Why Twitter is an easy target for outsiders like Elon Musk intent on change
Another year, another wealthy executive trying to take over Twitter.
This time is different, of course, because the rich suitor is Elon Musk, the erratic tech superstar who has the world's largest fortune and legions of fans and foes.
But Musk's effort to buy Twitter and "unlock" its potential makes him the latest in a long line of people who have kicked the company's tires since its 2006 launch, stirring up fresh excitement and speculation, only to walk away empty-handed.
"It feels like Twitter has been up for sale for a while. It's just nobody wanted to go forward because of the challenges," says Bloomberg Intelligence technology analyst Mandeep Singh.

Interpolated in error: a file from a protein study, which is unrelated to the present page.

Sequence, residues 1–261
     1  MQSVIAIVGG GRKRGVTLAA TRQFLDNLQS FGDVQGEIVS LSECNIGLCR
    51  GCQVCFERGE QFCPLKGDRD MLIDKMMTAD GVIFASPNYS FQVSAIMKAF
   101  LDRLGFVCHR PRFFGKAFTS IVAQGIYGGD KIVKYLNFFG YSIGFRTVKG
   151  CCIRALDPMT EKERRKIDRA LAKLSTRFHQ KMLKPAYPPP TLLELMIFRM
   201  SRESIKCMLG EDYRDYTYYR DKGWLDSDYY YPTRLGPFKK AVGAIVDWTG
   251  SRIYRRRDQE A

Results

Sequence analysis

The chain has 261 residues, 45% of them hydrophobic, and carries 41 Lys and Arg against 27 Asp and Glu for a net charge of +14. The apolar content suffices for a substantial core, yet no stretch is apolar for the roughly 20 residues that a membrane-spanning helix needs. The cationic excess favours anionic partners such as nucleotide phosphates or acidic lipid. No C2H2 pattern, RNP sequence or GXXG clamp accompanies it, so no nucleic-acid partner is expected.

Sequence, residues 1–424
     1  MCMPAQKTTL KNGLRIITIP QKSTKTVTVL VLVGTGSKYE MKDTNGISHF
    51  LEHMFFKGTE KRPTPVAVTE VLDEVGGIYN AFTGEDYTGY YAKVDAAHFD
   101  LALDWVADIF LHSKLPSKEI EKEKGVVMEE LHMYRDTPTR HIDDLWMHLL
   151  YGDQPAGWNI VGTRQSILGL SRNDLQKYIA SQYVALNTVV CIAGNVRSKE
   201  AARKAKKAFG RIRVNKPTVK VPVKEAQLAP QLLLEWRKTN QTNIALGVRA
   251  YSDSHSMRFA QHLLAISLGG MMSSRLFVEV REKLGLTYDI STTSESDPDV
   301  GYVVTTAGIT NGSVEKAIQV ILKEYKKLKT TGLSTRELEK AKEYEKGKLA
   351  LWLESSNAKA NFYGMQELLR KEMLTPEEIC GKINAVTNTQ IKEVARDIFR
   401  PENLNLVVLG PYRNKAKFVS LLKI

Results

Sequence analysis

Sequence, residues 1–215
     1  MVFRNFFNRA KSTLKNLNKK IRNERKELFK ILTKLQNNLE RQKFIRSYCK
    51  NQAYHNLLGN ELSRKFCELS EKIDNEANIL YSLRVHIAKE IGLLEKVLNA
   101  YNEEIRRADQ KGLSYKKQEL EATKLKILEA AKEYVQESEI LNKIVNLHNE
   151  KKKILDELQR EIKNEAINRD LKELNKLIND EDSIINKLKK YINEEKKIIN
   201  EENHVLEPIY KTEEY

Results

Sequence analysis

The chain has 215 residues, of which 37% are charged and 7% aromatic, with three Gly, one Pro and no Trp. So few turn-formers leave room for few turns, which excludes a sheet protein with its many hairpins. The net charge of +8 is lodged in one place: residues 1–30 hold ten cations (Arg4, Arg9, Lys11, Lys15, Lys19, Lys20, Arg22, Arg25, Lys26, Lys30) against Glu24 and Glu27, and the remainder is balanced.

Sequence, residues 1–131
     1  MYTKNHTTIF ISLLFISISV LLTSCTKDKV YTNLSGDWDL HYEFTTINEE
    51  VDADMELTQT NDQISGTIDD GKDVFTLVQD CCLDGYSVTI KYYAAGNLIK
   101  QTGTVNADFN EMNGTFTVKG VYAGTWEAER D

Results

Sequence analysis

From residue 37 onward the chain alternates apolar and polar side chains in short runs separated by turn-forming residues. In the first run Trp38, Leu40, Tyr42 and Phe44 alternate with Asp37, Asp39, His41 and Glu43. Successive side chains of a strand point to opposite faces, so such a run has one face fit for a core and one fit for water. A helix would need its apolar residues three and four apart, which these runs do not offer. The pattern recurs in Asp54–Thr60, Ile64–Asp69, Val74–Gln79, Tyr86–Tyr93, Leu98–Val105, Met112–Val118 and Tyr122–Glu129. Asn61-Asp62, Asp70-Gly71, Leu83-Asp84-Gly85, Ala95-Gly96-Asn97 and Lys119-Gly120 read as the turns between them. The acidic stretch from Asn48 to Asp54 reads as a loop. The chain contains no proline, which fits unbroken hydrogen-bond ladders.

Facebook founder Mark Zuckerberg reportedly tried to buy Twitter twice in its early years. Google, Apple, Disney and Salesforce reportedly considered bids back in 2016 but walked away. (Disney's then-CEO, Bob Iger, later said in reference to the platform, "The nastiness is extraordinary").
In early 2020, the hedge fund Elliott Management took a stake in Twitter and pushed to replace then-CEO Jack Dorsey, blaming his lack of focus for the company's sluggish growth and low share price.
Now, it's Musk's turn. The Tesla CEO last week launched a hostile takeover bid that has sent the company's board and management into crisis mode. With Musk's advance getting more serious by the day, Twitter will be forced to confront its long-standing problems like never before.
Used by politicians and journalists, but failing to break through more widely
Since Twitter went public in 2013, it has reported an annual profit only twice, in 2018 and 2019.